Someone has illegally shot and killed an endangered red wolf on federal land in eastern North Carolina, the US Fish & Wildlife Service announced today. The wolf likely died Dec. 19; its body was found in the Pocosin Lakes National Wildlife Refuge on Dec. 21. The Virginian-Pilot reported the story today.
It is illegal to kill an endangered red wolf except under very limited circumstances: For example, if the wolf is threatening a person or property, such as livestock or pets. Although wolves are occasionally mistaken for coyotes, the law requires hunters to report even accidental shootings to federal or state wildlife agencies within 24 hours. In an illegal take, the shooters often remove the wolf’s radio collar, used to track her location.
Even the US Fish & Wildlife Service, which administers the red wolf program, can’t issue legal “take permits.” In September, a federal judge granted a temporary injunction to prevent the agency from allowing the legal taking of wolves. The suit was brought by the Southern Environmental Law Center on behalf of wildlife preservation groups.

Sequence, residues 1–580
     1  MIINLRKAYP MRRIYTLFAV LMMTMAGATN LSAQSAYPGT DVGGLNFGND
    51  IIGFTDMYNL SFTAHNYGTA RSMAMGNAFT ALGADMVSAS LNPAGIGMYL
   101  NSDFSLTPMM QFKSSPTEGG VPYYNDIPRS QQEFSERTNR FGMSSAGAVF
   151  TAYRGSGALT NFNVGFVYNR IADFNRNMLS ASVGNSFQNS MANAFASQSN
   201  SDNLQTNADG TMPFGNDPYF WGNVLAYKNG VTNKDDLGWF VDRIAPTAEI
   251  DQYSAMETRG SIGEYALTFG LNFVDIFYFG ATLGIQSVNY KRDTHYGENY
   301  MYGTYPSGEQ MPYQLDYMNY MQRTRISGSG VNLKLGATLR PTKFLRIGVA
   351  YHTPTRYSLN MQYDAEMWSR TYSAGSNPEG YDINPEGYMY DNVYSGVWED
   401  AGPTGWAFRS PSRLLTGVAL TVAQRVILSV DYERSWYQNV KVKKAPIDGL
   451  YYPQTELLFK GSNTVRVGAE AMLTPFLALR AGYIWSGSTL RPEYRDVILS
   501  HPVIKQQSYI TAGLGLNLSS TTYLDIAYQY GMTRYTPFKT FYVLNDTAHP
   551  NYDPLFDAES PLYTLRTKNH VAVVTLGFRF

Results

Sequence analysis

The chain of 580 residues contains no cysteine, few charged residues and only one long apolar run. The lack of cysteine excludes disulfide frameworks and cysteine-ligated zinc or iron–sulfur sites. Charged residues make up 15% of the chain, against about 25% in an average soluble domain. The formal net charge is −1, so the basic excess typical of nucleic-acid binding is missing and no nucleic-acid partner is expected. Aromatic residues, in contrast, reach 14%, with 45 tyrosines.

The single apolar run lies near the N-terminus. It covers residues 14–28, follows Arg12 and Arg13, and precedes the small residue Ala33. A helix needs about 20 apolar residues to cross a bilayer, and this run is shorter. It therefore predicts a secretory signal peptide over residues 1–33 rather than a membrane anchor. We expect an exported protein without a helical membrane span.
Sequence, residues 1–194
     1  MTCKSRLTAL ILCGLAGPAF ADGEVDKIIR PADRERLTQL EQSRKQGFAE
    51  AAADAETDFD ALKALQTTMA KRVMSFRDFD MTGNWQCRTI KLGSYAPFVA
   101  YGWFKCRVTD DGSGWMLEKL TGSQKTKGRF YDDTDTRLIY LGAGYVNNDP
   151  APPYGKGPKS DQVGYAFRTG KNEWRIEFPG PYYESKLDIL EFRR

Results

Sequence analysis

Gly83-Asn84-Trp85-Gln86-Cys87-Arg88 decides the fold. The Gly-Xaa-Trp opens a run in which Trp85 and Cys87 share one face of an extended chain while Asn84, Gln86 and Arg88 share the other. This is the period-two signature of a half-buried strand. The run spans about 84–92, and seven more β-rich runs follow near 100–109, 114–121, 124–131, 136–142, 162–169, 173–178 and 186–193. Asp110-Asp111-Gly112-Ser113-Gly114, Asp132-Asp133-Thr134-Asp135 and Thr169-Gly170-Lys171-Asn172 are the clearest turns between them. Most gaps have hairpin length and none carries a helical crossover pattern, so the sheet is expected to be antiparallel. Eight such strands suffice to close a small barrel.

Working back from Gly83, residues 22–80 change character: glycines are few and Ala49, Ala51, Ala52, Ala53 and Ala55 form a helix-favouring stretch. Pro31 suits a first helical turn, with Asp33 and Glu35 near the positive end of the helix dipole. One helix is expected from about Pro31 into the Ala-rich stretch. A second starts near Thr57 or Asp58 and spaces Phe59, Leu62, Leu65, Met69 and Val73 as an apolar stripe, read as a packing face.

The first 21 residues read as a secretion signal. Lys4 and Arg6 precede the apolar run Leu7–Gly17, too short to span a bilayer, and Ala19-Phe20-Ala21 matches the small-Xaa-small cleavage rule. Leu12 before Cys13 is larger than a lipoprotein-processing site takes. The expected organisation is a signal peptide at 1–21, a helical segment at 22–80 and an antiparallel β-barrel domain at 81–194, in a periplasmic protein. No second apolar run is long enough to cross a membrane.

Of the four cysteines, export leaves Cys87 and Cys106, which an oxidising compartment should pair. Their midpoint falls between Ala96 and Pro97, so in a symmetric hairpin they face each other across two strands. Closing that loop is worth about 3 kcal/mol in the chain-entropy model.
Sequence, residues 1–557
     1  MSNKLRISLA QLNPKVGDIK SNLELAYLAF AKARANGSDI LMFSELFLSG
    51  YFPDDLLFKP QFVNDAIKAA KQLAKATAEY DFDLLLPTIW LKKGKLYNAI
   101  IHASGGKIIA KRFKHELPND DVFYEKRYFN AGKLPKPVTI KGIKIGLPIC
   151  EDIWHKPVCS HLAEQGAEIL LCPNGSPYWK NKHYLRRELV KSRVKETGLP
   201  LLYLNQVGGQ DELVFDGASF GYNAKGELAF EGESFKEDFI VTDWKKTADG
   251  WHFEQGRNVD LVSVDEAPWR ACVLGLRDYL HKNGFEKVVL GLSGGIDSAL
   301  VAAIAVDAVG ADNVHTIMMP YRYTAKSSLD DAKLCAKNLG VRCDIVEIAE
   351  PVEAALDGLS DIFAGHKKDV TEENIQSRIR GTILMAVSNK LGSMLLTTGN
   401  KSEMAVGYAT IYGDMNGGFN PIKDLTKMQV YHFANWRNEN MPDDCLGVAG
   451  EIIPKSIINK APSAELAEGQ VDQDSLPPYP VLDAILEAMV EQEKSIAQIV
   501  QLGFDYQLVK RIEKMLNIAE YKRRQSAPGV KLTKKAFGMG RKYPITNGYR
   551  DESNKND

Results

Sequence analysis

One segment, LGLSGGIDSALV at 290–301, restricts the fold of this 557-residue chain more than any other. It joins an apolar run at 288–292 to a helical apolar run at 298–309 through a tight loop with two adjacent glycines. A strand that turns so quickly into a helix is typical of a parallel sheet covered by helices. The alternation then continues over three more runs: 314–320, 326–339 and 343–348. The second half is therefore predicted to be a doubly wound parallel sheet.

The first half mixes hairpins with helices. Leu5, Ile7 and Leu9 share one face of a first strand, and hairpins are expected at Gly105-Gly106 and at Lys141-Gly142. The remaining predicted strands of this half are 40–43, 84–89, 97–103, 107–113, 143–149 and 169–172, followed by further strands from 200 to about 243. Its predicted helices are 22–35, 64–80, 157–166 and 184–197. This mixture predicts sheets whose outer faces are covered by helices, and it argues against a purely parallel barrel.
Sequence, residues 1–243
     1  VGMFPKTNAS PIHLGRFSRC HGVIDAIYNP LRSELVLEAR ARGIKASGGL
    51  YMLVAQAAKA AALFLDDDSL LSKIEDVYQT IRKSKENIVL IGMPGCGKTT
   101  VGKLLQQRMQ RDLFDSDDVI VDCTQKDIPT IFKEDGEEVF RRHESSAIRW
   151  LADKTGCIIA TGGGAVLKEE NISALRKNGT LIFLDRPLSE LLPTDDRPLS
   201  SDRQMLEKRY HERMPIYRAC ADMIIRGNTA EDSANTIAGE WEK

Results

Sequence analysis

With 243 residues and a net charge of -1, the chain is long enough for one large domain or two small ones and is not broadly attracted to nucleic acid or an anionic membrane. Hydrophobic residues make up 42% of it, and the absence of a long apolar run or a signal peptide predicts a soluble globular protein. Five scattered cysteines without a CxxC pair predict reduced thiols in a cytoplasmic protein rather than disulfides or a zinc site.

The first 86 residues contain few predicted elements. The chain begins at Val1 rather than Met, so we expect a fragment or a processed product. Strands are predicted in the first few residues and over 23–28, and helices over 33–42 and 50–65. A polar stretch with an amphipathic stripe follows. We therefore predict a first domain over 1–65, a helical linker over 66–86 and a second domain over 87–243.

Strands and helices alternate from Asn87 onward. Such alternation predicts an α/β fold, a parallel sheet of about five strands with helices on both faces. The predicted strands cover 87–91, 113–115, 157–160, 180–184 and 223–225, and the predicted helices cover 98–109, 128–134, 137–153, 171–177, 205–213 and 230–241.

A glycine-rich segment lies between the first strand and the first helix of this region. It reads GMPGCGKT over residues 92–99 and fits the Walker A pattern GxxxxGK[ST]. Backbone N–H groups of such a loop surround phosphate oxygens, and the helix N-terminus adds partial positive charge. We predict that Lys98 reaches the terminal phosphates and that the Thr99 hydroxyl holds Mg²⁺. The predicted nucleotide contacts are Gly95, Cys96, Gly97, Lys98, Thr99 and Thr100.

Federal officials reintroduced red wolves into the wild in 1987, and by 2005–2006, there were as many as 130 in six counties in eastern North Carolina, their historical habitat. However, the number of red wolves has dropped precipitously in the past several years to no more than 40, and perhaps as few as 29.
From 1987 to 2000, 15 red wolves died from gunshot wounds, an average of 1.2 per year, according to USFWS mortality data. But from 2000-2013, the number of wolves killed by gunshot increased to 73, about five per year. Three wolves died in the first six months of the year, according to USFWS figures, although the cause of death is not listed.
Federal wildlife officials are offering a $2,500 reward for information leading to an arrest for the shooting. The red wolf is protected under The Endangered Species Act. The maximum criminal penalties for the unlawful taking of a red wolf are one year imprisonment and $100,000 fine per person.
Anyone with information can contact federal wildlife officer Frank Simms at 252-216-7504 or special agent Jason Keith at 919-856-4520, ext. 34.